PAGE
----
Redemption and missing field goals

Just got back from sunny FL to arrive in time for the snow in WV. Maybe we should have planned a 9 day vacation…..Anyhow, eager to get back to the blogging world.
Many of Jan 2nd’s bowl games lived up to the hype. The last game of the day, the Fiesta Bowl, featuring Stanford and Oklahoma St, certainly did. As Stanford drove the ball down the field for a last second field goal, the game seemed to be over. 35 yards is but a “chip shot.” Unfortunately for this poor kicker, he hooked it mightily to the left. Then came over-time where he had the opportunity to redeem himself. Only this time he missed another, slightly longer field goal. The Oklahoma St kicker didn’t return the “favor,” and went on to become the hero. Or at least, get a high five or pat on the butt or something like it.
Camera men always focus on kickers when they miss. I guess they want to catch them cussing or crying. You could see the look of dejection in this young baby faced kid. It made me glad I wasn’t his parent. I would much rather have my kid be a punter, since punters rarely lose games.
I also thought of other kickers who have missed memorable kicks. Boise St.’s kicker missed one last year that cost them a chance to play for the national championship.  If I’m not mistaken, I believe that kicker had opportunities to redeem himself and blew those as well.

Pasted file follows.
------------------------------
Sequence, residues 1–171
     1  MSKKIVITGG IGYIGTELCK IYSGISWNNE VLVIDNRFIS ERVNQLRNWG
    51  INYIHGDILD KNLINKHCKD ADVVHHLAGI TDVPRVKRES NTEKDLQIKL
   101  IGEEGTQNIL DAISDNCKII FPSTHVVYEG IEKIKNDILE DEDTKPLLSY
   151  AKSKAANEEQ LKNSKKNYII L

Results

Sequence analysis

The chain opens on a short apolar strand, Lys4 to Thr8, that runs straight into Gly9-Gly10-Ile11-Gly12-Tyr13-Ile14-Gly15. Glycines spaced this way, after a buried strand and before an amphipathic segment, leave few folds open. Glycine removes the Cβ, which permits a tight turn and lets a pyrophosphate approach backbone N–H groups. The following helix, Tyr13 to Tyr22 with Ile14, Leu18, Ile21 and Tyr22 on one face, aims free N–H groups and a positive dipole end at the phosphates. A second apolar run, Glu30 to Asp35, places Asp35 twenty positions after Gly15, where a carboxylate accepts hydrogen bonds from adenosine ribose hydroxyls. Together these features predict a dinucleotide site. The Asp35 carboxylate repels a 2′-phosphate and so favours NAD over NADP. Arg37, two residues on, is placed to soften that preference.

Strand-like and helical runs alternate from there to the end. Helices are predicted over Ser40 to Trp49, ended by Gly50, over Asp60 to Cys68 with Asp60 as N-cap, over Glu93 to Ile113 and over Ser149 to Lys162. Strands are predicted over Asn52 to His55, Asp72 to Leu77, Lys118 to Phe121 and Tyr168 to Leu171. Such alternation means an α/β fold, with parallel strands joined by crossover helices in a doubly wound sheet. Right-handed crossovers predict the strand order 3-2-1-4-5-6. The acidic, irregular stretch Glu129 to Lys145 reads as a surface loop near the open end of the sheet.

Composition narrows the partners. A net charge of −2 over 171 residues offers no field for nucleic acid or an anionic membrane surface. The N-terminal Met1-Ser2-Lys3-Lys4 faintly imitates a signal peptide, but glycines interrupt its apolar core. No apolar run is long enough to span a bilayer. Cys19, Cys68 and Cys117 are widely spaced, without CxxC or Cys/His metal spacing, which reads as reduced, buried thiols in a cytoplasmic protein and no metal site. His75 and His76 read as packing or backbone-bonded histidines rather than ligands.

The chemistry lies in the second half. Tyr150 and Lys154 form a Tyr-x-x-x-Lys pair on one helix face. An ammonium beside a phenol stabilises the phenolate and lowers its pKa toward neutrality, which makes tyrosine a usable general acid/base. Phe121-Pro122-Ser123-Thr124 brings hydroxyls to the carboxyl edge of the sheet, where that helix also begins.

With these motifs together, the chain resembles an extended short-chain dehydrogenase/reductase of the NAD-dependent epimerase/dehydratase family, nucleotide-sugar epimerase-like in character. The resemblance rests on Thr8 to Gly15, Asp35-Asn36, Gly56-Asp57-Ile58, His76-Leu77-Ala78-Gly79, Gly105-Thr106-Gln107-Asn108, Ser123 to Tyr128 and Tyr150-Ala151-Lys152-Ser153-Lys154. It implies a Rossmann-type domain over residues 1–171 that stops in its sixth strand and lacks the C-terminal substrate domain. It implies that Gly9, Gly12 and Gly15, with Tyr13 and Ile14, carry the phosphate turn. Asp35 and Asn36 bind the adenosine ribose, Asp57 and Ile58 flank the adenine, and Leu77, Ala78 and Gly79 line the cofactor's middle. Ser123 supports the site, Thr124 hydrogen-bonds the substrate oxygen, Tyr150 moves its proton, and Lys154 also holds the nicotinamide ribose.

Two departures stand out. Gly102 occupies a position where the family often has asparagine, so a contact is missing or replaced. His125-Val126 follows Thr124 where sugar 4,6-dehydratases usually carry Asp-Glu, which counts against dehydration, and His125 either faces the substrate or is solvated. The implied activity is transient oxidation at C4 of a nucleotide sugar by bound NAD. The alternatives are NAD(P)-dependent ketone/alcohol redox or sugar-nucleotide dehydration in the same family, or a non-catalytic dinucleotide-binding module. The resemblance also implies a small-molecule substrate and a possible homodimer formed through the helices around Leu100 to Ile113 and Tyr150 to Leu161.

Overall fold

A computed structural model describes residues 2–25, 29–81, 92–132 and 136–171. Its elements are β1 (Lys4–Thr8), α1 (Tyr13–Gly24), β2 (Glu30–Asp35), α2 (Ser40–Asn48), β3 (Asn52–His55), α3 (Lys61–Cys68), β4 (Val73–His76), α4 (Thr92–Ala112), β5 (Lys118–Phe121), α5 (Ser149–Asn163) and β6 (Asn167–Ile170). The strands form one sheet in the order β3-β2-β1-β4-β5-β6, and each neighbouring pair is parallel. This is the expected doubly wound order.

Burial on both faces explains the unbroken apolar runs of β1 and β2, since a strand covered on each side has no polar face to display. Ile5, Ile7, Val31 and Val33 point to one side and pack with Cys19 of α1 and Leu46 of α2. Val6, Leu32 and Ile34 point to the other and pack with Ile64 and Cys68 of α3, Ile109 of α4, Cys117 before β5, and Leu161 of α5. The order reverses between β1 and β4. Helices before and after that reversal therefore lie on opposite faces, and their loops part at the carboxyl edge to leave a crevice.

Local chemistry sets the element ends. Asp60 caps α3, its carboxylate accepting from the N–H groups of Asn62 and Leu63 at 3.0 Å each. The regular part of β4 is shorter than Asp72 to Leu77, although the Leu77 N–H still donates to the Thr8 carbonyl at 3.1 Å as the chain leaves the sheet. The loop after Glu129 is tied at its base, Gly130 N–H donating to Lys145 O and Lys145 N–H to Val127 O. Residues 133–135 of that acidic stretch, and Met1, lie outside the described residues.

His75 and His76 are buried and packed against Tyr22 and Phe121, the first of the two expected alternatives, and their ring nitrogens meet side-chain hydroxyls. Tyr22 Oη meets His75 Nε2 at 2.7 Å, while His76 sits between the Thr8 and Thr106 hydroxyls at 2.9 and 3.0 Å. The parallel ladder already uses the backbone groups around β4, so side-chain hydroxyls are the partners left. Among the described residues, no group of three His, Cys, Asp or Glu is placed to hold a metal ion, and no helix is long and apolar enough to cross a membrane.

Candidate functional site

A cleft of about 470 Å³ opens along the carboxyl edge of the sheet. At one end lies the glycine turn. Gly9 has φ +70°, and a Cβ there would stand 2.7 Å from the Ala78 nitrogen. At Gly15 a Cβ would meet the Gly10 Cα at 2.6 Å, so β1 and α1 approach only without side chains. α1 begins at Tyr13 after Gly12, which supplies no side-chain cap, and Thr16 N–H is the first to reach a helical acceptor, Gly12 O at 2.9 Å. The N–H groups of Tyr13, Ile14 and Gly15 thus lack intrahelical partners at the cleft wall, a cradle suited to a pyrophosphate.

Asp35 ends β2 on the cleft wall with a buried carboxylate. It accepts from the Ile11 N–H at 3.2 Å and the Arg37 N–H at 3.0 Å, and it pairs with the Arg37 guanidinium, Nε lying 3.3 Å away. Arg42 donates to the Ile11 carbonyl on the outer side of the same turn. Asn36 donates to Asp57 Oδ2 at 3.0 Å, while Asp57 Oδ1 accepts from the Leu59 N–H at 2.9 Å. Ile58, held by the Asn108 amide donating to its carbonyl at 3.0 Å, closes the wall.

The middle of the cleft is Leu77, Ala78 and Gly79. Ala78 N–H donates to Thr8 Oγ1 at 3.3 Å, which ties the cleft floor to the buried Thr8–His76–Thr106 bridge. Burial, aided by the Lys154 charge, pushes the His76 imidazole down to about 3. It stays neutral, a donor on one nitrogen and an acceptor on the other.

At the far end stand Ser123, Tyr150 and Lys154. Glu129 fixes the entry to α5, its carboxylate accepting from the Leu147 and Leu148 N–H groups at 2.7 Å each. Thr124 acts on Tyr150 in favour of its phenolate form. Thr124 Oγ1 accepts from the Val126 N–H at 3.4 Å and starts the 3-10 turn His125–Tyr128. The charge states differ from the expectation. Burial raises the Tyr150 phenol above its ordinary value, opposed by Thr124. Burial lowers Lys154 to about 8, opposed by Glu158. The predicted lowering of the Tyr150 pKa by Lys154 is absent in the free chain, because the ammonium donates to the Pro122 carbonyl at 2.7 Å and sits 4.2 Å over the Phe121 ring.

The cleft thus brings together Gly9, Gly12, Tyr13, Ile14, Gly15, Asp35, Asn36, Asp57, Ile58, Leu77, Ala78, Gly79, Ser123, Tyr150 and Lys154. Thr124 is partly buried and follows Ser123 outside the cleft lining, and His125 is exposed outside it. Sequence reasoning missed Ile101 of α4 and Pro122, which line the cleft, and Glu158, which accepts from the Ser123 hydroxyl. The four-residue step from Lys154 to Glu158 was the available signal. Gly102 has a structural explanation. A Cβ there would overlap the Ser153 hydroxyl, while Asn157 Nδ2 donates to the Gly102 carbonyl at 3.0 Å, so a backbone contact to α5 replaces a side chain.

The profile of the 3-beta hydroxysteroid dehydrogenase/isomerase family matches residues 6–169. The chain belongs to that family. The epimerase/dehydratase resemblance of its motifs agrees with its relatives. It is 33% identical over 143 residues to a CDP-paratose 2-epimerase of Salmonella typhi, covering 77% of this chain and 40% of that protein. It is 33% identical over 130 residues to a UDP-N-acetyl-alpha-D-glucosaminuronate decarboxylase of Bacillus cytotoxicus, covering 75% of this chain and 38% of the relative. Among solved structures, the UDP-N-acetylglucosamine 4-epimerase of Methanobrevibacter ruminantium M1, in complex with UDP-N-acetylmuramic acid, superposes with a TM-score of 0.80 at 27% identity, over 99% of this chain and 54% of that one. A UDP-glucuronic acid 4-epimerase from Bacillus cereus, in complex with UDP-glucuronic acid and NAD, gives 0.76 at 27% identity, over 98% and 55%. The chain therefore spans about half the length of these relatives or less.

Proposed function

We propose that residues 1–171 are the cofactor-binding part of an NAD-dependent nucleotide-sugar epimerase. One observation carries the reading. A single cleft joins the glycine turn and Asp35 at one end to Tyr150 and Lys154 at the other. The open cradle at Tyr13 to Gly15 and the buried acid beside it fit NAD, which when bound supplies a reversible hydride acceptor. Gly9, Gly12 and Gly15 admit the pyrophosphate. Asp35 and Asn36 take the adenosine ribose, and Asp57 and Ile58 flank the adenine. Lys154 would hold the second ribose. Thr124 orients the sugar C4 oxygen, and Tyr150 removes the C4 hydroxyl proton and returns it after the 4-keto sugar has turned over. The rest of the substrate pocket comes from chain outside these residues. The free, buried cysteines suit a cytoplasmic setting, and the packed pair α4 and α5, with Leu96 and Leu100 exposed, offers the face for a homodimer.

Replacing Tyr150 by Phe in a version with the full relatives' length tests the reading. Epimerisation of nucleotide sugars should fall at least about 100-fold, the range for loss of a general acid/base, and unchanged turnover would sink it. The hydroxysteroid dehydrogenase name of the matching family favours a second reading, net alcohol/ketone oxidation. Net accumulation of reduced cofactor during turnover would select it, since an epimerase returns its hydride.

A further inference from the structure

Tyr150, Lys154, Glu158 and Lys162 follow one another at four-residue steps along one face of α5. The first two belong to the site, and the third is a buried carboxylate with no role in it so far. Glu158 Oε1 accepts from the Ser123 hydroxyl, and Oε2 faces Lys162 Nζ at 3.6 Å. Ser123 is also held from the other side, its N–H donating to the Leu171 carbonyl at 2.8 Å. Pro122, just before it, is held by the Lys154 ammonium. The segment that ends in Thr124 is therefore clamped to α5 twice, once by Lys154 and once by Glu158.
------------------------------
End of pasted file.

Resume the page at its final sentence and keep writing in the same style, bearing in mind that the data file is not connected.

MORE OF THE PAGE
I can personally empathize with kickers. Not because I’ve ever been a field goal kicker, but because I’ve messed things up before with my own sin. I’ve tried to redeem myself, and it just seems like I mess up again. 
This morning I was reading the book of Zechariah and going through the Good Book Company’s  good book guide Zechariah: God’s big plan fir struggling Christians. It posed an application question: What would it be like to live in light of the fact that Jesus has offered the perfect sacrifice and then sat down on the right hand of the Father?

I don’t have to redeem myself. I don’t have that pressure of redeeming myself, and then screwing it up again as I always seem to do. Freedom to follow Jesus, without fear of failure is a beautiful thing. Kickers choke, and sinners sin, but Jesus loves them both. Losers and sinners. There’s more to life than football, and there’s more to life than sin.  The Savior gets the final say when we embrace him through our imperfect faith. We don’t need to worry about the impossibility of redeeming ourselves. That’s for Someone else. Our job is to repent of replaying the “missed kick” over and over in our heads, and to instead continue looking at Jesus: the one didn’t back out, sin, or “choke” our redemption away.

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